Barefoot Opera has a talent for finding young singers at the start of their careers. It also, as its name implies, aims to explore experimental productions that are sparely staged. In Orfeo ed Euridice, the first of a double bill based on a linked theme of lost love, the props are scattered cardboard boxes, graffitied with the name Euridice. The sounds of Hell’s wraiths are provided through a megaphone by assistant director Katie Blackwell, who also filled in on the first night for an indisposed Amore.
The Greek myth that inspired Gluck’s most popular opera is pretty straight-forward. Orfeo the poet and musician mourns his dead wife. His laments persuade the Gods to allow him to visit the underworld and lead her back to life, on condition that he doesn’t look back at her. Euridice, enjoying the peace of Elysium Fields, can’t understand why her husband is so cold.Inevitably the condition is broken and Orfeo left to mourn anew.
Mezzo-soprano Emma Roberts, studying at the RCM’s International Opera Studio, brings to the role of Orfeo a warm and burnished tone that promises well for future roles. Her heart-felt rendering of “Che faro” – Orfeo’s lament for life without Euridice – drew enthusiastic applause. Soprano Lizzie Holmes as Euridice died beautifully, with an air of bewilderment, (“What did I do?”) at the second on-off trip to Hell and back.
I had reservations about Gluck’s sublime orchestral score being transferred to electric guitar and Yamaha keyboard. In contrast, the choice of double bass (bassist Lucy Mulgan) and keyboard worked nicely for the robust Zanetto, first performed in 1896 though, unlike Mascagni’s earliest hit Cavalleria Rusticana, rarely performed since. Mascagni became overshadowed by his near contemporary Giacomo Puccini – a fellow student and one-time flatmate during their Milanese youth.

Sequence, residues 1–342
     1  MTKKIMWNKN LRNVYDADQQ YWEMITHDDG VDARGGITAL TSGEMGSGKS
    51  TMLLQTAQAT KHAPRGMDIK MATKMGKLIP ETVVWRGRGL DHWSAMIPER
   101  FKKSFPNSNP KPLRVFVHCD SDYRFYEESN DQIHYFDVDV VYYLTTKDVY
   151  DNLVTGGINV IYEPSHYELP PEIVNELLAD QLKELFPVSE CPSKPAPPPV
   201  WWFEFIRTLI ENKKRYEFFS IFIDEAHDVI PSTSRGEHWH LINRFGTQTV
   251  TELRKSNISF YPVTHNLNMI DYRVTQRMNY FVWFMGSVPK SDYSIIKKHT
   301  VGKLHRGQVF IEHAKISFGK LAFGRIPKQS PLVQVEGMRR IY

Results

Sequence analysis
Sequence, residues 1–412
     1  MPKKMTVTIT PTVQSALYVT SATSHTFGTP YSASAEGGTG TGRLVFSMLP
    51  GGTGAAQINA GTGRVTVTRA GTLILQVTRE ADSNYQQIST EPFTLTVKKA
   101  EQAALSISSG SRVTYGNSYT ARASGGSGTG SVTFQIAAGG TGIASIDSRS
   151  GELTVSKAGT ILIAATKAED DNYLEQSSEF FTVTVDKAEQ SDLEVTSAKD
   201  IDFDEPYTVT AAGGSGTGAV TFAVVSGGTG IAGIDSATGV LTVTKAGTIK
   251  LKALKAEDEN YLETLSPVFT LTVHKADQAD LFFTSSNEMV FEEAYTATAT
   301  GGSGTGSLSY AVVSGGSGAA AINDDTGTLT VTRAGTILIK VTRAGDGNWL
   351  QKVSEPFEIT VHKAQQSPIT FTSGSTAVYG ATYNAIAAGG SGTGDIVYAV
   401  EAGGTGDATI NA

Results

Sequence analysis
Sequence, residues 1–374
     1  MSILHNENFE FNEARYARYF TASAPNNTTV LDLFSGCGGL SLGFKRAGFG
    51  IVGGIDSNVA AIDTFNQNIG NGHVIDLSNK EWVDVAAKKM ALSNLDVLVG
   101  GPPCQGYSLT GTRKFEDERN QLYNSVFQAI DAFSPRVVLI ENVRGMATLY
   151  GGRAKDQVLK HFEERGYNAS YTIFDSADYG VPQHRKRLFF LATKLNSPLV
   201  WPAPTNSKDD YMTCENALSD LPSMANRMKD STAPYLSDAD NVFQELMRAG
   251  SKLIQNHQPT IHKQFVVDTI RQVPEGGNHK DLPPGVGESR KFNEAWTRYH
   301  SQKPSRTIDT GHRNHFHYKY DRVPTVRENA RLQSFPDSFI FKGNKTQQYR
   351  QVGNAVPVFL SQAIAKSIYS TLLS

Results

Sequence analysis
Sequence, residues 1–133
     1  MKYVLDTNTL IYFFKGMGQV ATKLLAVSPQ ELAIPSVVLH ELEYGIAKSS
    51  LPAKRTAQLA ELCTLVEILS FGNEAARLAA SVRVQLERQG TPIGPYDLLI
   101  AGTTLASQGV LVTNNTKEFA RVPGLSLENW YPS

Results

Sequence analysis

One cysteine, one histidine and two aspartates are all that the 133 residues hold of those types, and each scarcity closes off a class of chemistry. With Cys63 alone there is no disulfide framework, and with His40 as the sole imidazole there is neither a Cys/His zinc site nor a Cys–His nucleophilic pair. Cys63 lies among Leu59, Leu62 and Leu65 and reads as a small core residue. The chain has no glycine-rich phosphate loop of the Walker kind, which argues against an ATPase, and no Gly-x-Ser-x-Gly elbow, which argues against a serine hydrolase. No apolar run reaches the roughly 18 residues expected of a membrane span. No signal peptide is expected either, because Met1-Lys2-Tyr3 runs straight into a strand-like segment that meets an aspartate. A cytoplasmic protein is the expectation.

The motives of courtesan Silvia in resolutely rejecting her would-be lover Zanetto seem obscure, unless you recall the plot of Verdi’s La Traviata. After years of trading in mercenary sex, Silvia longs to capture the joy of true love but after she falls for the sound of the wandering minstrel’s voice, she swiftly realises when the young man appears at her door, that by sharing her life he will also share her disgrace in the eyes of 19th century society. Lizzie Holmes shone as Silvia, bringing a depth of emotion to the conflicted heart, and Roberts captured the impulsive Zanetto who confesses it suits him “to wander like a dragon fly.”
Arcola Outside has been constructed in the realistic view that safety will continue to be a factor in attracting Covid-wary audiences. The outdoor covered performance space, designed by Jon Bausor, with distanced seats and outdoor bar, certainly answers space requirements, though noise from busy Dalston Lane can be intrusive at times.
Director: Lysanne van Overbeek.
Musical director: Lesley-Anne Sammons.
Designer: Bettina John.
Production photograph of Lizzie Hol;mes as Euridice : Peter Mould.